She is a writer who loves classic rock, belly dancing and coffee-flavored ice cream. Ask Jennifer Miller who she is, and that is her reply.
"I would not say, 'I am an American, I am a Jew,' " the young author explained. "People are expecting you to fit in a broad category box."
In her first book, "Inheriting the Holy Land: An American's Search for Hope in the Middle East," Miller takes a fresh look at the dynamics of extremism and the sense of victimization in the region. Through the eyes of young people -- Israeli rap singers and soldiers, young Palestinian women and a construction worker -- she adeptly explores the background and the challenges of the Israeli-Palestinian issue.
Miller, 25, uses examples from popular movies to emphasize her points. "Force without diplomacy breeds alienation and destruction," she writes. "It's like Uncle Ben tells Peter Parker in 'Spider-Man': With great power comes great responsibility."
Americans have seen what enraged people are capable of doing when they feel they have nothing to lose, she writes. "As Americans we have everything to lose. If you've seen 'The Siege,' a movie with Denzel Washington and Bruce Willis, you know what I'm talking about. In it, modern-day New York is put under martial law after a series of suicide bombings assault the city."
Miller, the daughter of Aaron Miller, a U.S. negotiator who worked with six secretaries of state on the Arab-Israeli peace process, grew up in an affluent household in Chevy Chase. She loathed politics and shunned news about world conflicts. "All I aspired to was to be a suburban teenager," she said in an interview over lunch Wednesday.
In 1996, she first attended Seeds of Peace, a nonprofit camp her parents help run that brings together Israeli and Arab teenagers. Each summer, the youths meet at a facility in Maine and probe sensitive subjects they cannot discuss directly back home. Miller quickly realized how out of touch she was.
When the Sept. 11, 2001, attacks occurred, the budding activist was moved to help the world find a way back from the brink.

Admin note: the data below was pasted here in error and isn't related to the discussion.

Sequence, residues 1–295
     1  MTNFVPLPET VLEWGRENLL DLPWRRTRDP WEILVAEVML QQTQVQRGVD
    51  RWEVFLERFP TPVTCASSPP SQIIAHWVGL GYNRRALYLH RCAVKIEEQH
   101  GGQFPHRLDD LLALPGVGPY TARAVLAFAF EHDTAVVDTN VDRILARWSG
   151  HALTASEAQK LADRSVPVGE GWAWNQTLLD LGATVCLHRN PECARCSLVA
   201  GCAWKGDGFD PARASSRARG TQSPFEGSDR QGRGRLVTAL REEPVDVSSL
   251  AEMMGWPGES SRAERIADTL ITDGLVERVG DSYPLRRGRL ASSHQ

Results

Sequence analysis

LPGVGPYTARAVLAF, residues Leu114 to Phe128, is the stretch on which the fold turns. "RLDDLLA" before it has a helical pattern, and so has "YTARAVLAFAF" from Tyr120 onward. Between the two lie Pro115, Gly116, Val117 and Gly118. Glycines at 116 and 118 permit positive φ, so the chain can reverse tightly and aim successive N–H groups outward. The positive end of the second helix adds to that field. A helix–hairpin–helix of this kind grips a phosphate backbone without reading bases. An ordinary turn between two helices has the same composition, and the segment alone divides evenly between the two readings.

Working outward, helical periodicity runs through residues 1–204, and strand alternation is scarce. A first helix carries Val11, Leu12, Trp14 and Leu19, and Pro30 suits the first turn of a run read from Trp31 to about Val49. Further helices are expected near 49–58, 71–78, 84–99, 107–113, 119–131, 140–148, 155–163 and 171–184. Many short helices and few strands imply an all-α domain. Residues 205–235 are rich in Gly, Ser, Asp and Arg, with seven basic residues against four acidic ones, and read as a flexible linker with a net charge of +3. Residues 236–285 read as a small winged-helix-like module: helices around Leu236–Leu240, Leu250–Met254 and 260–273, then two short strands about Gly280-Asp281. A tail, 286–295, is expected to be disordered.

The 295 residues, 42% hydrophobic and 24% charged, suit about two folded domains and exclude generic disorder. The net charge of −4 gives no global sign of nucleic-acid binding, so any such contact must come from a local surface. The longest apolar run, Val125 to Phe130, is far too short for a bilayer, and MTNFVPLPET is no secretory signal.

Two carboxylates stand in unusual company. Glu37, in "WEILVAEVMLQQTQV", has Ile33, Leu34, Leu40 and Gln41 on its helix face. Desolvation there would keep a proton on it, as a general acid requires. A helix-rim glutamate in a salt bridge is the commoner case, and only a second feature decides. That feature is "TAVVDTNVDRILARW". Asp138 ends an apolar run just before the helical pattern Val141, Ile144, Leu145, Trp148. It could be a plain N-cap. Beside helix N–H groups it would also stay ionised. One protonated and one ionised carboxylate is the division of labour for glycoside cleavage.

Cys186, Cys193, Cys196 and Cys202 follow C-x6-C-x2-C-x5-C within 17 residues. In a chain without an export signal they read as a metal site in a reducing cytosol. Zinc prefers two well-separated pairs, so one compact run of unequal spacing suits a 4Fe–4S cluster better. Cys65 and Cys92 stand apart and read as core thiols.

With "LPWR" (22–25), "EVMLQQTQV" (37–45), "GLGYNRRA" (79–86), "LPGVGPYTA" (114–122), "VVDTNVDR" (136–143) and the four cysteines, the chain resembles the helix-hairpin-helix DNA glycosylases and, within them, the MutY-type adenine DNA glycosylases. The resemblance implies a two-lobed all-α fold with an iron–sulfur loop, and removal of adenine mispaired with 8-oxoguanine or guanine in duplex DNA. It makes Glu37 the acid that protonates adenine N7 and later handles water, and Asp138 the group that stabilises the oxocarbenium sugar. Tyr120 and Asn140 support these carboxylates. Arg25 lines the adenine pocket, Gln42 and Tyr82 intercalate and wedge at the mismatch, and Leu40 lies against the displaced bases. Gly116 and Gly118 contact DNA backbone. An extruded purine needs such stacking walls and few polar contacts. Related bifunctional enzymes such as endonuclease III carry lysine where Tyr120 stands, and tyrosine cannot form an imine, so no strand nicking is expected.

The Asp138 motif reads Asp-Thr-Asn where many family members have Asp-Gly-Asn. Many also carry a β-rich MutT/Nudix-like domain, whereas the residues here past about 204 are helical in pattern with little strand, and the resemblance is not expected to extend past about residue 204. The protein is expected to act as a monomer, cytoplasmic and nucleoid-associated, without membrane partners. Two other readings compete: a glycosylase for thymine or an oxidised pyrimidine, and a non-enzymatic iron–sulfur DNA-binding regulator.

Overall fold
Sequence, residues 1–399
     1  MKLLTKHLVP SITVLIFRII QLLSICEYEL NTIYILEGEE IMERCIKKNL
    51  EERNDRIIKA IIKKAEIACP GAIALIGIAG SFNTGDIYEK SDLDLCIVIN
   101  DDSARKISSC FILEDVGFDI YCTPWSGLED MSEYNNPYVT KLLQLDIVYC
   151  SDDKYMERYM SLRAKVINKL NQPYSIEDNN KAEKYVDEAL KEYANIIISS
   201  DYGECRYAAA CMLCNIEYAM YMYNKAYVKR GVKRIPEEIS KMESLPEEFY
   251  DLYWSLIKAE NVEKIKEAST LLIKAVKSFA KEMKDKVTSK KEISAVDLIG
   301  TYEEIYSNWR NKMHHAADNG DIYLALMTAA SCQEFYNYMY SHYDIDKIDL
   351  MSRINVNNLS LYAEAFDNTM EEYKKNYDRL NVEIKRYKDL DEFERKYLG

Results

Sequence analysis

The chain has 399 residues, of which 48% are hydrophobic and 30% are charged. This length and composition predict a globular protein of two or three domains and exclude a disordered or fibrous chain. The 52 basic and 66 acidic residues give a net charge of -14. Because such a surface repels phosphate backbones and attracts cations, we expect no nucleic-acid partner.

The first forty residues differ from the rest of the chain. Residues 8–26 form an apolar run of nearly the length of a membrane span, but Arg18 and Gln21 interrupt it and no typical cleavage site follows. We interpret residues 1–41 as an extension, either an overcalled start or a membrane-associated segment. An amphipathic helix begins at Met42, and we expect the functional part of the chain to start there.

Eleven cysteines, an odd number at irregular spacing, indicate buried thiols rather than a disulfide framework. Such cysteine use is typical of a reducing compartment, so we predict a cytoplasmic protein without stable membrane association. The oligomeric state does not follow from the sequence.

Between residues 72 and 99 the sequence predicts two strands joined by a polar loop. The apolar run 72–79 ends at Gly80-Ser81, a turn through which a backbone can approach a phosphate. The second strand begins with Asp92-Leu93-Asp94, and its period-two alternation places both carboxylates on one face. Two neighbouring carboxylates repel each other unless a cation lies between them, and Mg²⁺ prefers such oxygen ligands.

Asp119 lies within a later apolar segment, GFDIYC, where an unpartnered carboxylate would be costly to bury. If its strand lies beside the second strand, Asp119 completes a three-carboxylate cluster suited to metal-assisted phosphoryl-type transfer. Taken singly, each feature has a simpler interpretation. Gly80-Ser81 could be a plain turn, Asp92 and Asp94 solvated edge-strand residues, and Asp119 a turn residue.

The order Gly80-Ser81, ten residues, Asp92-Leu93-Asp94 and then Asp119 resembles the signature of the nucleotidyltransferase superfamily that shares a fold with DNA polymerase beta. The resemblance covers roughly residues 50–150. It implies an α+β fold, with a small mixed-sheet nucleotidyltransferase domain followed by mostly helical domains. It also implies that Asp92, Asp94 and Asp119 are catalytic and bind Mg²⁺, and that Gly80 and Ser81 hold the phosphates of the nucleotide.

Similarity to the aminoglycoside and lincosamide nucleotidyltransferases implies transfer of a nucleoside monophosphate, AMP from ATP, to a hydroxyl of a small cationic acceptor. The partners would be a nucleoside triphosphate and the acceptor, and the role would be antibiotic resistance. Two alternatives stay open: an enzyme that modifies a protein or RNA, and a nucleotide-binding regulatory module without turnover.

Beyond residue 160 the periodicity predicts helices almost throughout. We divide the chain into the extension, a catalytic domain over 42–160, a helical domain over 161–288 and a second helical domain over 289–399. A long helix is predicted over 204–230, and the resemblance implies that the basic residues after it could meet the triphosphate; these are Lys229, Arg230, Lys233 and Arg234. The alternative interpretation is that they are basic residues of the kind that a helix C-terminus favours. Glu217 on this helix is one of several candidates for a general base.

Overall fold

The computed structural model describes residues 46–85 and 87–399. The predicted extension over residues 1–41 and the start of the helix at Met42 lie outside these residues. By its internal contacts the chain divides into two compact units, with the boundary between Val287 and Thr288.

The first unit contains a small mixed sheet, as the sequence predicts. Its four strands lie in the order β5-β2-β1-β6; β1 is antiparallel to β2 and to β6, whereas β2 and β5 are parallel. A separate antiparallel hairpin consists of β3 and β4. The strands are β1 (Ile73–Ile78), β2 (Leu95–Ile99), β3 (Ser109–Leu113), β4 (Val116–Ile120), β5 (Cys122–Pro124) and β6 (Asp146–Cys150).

"This book, and Seeds of Peace, is not about peace or naivete on my part," Miller said. "It is about the journey and about pragmatism. You put Israelis and Palestinians in a room and bring them together and make them confront their suffering, how their societies have made one another suffer. Almost immediately they are going to connect, and once that connection has been forged, you can talk about all the practical things.
"Seeds of Peace is a testament to the possibility of confronting who we are to find solutions. You don't give up your identity, but kids return more invested as Palestinians or Israelis who can be leaders in their societies."
Miller graduated from Brown University in 2002 and the next year traveled to Israel, Gaza and the West Bank, where she looked up her bunkmates from the Seeds of Peace camp. She sounded them out after suicide bombings and killings, immersing herself in their contrasting worlds. She talked to angry Israeli settlers and slept in the homes of disillusioned Palestinian families. She visited the mother of a female suicide bomber and chatted with street boys in Ramallah.
"There was this hope and lack of hope, tremendous potential and tremendous obstacles, the lack of opportunity Palestinians blame on the occupation," she said.
She analyzed her own irritation with an Israeli woman she found fiddling with the door of the Cafe Aroma in Jerusalem. According to a sign on the door, the cafe was closed as a gesture of sympathy for the victims of a bombing at another cafe two days earlier.
"Later I wondered if I'd been too hard on this woman, who only wanted her caffeine fix," she wrote. "There were so many bombings. Life couldn't stop for each one."
Miller also sought out those her father had worked with, including Yasser Arafat, then the Palestinian leader, and former prime minister Ehud Barak. She asked them questions and then, in her book, exposed their failings, their inability to prepare their constituents for the compromises of peacemaking.
There are hilarious vignettes. She writes about her brother's letter to Secretary of State James A. Baker III asking him to fire their father, and about her father explaining baseball to Arafat and its relevance to the peace process. "Both had fairly low expectations for success," she wrote. "In baseball, if you hit safely four out of ten times, you were a veritable hero. Both were full of strikeouts and errors."
Miller's boyfriend, Jasper Speicher, said her time in the Middle East helped her to define her relationship with her own country and better appreciate its freedoms, despite its flaws. "It is one thing to grow up in an environment, but another to then go off and do your own thing, create something with that connection," said Speicher, who lives in Rhode Island.
The growing polarization among Americans troubles Miller. To explore that issue, she rode from California to Washington in May with Rolling Thunder, the Vietnam veterans group that converges on the Mall each Memorial Day on motorcycles. "I went on this trip to learn and to listen," she said.
"As I traveled, I realized I was making the same journey. I was forced to confront these issues of identity. But identities are fluid. When we are confronted with new experiences and new attitudes, we realize on what shaky ground we stand."